Hundreds of Wal-Mart workers in 12 U.S. cities have walked off their jobs in the longest strike in the mega retailer’s history.
Click here to sign a petition demanding fair wages and working conditions for those workers. Participants will be hand-delivering the petition to the retailer’s shareholders and executives at their annual meeting in Bentonville, AR, on June 7.
Wal-Mart earns more than $16 billion in profits each year and compensates its workers with as little as it can get away with. Wal-Mart associates are often stuck without steady schedules or benefits. Many can’t afford the basics and even qualify for food stamps. And workers who are brave enough to speak up in protest pay even more of a price with reduced shifts, bad schedules, no raises and pink slips.
Vanessa Ferreira of St. Cloud, FL, loved her job as a Wal-Mart cake decorator – she just wanted the company to treat its workers better. The 59-year-old had worked at Wal-Mart for nearly eight years when she was fired. Ferreira believes it was in retaliation for walking off the job in a historic strike last fall.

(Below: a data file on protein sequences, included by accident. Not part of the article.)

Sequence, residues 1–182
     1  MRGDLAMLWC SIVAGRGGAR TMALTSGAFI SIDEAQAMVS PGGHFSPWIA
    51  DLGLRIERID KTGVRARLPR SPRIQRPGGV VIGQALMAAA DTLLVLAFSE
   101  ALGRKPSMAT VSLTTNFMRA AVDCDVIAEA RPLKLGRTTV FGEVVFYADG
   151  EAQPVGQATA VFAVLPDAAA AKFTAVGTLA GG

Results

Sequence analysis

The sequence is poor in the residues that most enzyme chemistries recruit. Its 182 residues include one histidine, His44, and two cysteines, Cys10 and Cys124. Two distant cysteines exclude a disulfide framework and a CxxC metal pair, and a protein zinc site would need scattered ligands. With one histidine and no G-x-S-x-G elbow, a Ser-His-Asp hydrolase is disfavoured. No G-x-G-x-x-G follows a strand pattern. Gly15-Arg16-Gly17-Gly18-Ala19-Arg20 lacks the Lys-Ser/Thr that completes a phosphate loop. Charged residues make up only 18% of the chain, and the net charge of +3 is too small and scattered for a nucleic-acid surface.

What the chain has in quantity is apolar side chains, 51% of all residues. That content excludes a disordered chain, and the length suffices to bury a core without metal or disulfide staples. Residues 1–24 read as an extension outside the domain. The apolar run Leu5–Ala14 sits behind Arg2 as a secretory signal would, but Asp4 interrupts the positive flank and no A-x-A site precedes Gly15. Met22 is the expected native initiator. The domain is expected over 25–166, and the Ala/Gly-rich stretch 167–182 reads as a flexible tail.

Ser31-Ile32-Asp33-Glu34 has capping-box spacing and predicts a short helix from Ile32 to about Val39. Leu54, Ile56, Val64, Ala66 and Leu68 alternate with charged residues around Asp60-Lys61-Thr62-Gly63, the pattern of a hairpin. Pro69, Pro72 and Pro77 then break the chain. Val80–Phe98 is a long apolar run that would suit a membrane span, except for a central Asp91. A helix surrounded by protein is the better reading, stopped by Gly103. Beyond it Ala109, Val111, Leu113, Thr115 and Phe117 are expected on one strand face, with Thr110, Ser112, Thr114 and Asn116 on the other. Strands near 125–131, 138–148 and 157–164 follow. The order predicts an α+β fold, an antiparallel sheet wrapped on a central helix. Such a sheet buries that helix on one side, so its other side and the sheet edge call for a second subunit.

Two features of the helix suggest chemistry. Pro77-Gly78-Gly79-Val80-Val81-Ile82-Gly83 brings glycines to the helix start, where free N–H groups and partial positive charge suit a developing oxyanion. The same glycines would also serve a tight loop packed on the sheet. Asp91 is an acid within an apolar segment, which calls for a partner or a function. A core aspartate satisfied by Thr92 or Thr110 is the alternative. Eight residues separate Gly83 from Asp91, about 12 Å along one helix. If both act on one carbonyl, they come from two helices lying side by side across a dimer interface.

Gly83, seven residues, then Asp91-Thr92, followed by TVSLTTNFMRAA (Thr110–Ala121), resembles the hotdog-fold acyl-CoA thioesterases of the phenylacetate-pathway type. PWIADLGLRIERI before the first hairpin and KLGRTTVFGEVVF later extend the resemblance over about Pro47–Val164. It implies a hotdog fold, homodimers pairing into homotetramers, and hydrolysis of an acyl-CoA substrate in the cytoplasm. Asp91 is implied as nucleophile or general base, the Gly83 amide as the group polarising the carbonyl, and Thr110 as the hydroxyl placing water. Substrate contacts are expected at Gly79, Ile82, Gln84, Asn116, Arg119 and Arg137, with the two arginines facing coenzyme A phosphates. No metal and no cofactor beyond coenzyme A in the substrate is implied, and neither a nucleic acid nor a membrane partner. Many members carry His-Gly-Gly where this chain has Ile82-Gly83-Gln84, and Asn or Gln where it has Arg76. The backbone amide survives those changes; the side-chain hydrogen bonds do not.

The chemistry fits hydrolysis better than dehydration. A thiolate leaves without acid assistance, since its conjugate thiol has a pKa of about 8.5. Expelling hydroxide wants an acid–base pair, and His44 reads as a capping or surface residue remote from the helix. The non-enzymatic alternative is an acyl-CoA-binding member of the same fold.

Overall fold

“Wal-Mart does not want you to say anything,” said Ferreira. “They don’t want you to ask questions. When you start asking questions, they start retaliating.”
For decades, Wal-Mart has been using its influence to push down wages and benefits for its workers and the communities in which they live. But it can do better. It can treat workers with respect, pay them a living wage and not silence them when they speak up for their rights.
Show your support by signing the Wal-Mart petition today. Click here.